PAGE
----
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New Plant
New/Featured for 2020

Full Sun
Full Sun

Partial Shade
Partial Shade

Shade Lover
Full Shade

Drought Tolerant
Drought Tolerant

Picture Available
Picture Available

Drawing Available
Drawing Available

(PPAF) = Propagation of this plant prohibited without a license.

Hardiness Zone Map


Gracefully cascading in opulent 2 to 4 in. compact racemes amid shiny bronze-tinged new growth, ‘Amethyst Falls’ earns its name. The fragrant, pealike, vivid lavender-hued flowers unfurl some two weeks earlier than their Asian relatives and if lightly pruned will produce a summer encore. A slew of twining stems and airy pinnate foliage composed of green oval-shaped leaflets can be trained up a pergola or a trellis and as a free-standing tree form.

An improved selection of our native American Wisteria, this noninvasive, award winning cultivar exhibits an easily controlled less aggressive habit, which withstands deer, most diseases and some drought, doesn’t fuss about soil fertility and relishes good drainage. Large Band.

Blooms late April – May & September

Size: 20' 0" – 25' 0" high x 0" & spreading wide.

Hardy to zone 5.

If you’re smitten with Wisteria but searching for one that’s not so unruly, you may be interested in this superior southeastern U.S. native. Splendid close-knit clusters of 30 to 50 delicately fragrant blue-violet flowers garnish the current season’s growth, unfurling throughout the summer. Amongst large ovate green deciduous leaflets, the lovely cascading blossoms are followed by long lustrous seedpods that lend late season interest. Easier to manage and more hardy than her Asian counterparts, ‘Aunt Maude’ cloaks walls, trellises and columns with her long lasting floral charm. (pp#20,006)

Quart

Blooms June–July

Size: 12' 0" – 18' 0" high x 0" & spreading wide.

Hardy to zone 4.

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Latest News

Dear Fellow Plant-Lovers,

Sadly, due to the current situation, we are closed to walk in customers, until further notice…MORE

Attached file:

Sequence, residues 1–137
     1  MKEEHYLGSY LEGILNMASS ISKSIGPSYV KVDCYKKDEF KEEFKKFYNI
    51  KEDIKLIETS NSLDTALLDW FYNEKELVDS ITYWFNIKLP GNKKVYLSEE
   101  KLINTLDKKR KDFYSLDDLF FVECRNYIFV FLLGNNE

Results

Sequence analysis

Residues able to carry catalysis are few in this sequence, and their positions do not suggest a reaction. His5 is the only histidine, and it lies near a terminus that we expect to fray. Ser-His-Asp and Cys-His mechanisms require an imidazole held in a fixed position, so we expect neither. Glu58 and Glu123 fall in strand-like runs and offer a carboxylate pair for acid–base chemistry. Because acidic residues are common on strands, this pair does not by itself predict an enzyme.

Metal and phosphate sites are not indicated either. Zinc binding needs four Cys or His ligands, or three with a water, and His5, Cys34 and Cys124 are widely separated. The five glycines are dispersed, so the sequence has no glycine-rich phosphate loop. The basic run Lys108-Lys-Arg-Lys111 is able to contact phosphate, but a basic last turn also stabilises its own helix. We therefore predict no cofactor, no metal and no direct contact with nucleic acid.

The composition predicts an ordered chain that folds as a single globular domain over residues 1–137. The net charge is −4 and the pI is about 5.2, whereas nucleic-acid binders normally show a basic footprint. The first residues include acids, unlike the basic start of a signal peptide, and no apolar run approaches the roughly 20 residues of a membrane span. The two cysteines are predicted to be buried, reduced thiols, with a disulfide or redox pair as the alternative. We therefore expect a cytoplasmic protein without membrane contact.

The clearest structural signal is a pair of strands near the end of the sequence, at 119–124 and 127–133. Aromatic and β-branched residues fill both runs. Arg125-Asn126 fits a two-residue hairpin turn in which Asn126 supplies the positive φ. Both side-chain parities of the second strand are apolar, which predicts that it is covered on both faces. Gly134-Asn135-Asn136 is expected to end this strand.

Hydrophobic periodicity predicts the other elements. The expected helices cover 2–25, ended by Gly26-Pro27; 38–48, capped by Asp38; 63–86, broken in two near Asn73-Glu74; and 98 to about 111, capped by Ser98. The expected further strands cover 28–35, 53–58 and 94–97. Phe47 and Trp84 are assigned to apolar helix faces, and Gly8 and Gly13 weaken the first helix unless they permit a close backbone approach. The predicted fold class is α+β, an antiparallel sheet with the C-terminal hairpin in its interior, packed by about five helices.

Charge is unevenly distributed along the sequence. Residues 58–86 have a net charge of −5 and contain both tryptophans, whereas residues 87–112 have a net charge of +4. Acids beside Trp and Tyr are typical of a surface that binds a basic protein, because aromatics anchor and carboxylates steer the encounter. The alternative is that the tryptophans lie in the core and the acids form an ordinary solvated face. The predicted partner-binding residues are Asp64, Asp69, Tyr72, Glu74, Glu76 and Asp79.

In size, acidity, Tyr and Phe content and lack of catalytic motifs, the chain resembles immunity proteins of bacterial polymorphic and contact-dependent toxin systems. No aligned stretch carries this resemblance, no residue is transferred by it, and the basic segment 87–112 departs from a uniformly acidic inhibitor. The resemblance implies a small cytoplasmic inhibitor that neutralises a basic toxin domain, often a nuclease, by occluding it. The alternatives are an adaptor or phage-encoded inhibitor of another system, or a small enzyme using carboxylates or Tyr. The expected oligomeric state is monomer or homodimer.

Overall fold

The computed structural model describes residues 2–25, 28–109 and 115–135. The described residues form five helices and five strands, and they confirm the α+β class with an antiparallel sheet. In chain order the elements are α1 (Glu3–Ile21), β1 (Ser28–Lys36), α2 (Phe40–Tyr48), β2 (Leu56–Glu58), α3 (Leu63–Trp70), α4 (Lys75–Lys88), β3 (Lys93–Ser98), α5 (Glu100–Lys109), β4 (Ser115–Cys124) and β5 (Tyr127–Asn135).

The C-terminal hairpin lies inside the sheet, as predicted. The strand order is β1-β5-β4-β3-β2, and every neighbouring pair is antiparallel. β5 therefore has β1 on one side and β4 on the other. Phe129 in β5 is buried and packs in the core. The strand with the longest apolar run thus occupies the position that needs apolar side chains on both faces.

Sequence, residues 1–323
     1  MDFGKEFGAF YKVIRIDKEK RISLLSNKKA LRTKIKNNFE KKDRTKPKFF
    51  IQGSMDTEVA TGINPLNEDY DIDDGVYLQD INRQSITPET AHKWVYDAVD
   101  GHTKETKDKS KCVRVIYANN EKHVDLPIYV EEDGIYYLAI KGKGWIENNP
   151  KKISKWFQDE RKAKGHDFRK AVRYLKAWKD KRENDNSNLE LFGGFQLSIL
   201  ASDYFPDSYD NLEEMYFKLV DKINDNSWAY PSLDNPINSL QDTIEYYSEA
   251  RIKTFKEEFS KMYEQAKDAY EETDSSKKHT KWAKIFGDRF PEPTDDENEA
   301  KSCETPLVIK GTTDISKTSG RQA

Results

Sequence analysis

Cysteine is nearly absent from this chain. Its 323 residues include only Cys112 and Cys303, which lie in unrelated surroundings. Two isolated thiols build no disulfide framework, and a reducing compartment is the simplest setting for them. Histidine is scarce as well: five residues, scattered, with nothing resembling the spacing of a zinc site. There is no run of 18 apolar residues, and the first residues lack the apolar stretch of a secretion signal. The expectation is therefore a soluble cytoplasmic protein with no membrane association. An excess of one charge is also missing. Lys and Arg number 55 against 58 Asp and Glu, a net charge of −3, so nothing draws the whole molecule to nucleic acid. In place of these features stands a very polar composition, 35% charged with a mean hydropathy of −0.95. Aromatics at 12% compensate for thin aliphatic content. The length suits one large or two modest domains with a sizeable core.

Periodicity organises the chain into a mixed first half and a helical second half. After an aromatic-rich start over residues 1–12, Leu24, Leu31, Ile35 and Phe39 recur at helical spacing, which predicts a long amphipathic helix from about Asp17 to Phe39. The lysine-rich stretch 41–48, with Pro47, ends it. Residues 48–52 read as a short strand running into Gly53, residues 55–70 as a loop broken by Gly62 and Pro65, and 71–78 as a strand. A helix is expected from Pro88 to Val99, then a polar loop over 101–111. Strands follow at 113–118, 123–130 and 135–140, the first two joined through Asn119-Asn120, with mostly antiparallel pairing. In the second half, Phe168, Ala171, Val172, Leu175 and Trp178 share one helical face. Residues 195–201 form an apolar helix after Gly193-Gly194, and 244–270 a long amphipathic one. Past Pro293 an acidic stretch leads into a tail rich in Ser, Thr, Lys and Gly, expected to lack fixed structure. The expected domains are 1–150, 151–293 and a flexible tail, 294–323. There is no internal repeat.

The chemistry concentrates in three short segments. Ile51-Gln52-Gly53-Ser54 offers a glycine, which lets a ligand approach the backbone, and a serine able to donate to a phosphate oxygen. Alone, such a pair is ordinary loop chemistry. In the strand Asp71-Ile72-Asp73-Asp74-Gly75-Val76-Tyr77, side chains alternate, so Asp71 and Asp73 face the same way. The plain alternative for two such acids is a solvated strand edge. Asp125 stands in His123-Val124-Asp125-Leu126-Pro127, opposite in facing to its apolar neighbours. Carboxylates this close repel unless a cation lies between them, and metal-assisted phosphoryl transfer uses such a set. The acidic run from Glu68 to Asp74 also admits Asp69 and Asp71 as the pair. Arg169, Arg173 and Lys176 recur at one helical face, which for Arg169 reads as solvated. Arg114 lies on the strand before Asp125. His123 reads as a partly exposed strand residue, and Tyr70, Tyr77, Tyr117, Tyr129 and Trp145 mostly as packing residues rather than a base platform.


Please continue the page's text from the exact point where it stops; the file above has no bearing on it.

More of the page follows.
Current Staff's Favorite Plant

Current Staff's Favorite Plant

Our featured plant: Athyrium niponicum var. pictum

Fresh Fern Fronds, Early-blooming Clematis, Marvelous March Foliage!

Fresh Fern Fronds...

Coveted for their artfully hewn fronds, the deciduous ferns featured above unfurl spritely new fiddleheads every spring. Varying shades of green, silver, henna and burgundy embellish their delicate-looking foliage. Tailor-made for shady nooks, these easily-grown flowerless perennials can be planted as specimens or en masse in shade gardens, mixed borders and woodland settings. They also lend exquisite feathered accents to patio containers or cut arrangements. Ferns flourish in cool moist well-drained locales enriched with compost or well-rotted manure. Feel free to peruse the Perennial section of our website for other Athyrium & Dryopteris species.

Exquisite early Clematis and marvelous March foliage...

Early-blooming Clematis herald spring with charm to spare. The armandii, alpina and montana Clematis species are generally the first to flower, with some even wafting sublime scents. Clematis armandii ‘Snowdrift’ and Clematis montana ‘Elizabeth’ sprout larger statures than the more petite Clematis alpina ‘Constance’ or ‘Jan Lindmark’, while all showcase beguiling blooms. These delightful vines can twine up arbors, trellises, walls or trees, offering vertical accents to the fresh flourish of head-turning foliage that blankets the beds beneath. The new growth featured in this newsletter was photographed this week in our garden and nursery.

All of us plant wranglers at the nursery, along with Boobah, our wee greeter and self-appointed nursery manager, and shy kitty, Parker, wish you countless happy hours digging in a garden of your own! 

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